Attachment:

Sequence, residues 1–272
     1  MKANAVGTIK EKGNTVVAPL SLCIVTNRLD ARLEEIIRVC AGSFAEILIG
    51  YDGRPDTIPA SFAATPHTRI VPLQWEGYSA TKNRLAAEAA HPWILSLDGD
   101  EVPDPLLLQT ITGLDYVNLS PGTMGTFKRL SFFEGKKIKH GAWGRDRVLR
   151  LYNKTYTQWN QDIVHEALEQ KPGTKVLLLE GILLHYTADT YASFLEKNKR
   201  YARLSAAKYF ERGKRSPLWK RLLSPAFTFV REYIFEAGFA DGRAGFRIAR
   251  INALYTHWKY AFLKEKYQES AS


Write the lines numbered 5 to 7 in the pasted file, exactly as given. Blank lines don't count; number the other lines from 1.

   151  LYNKTYTQWN QDIVHEALEQ KPGTKVLLLE GILLHYTADT YASFLEKNKR
   201  YARLSAAKYF ERGKRSPLWK RLLSPAFTFV REYIFEAGFA DGRAGFRIAR
   251  INALYTHWKY AFLKEKYQES AS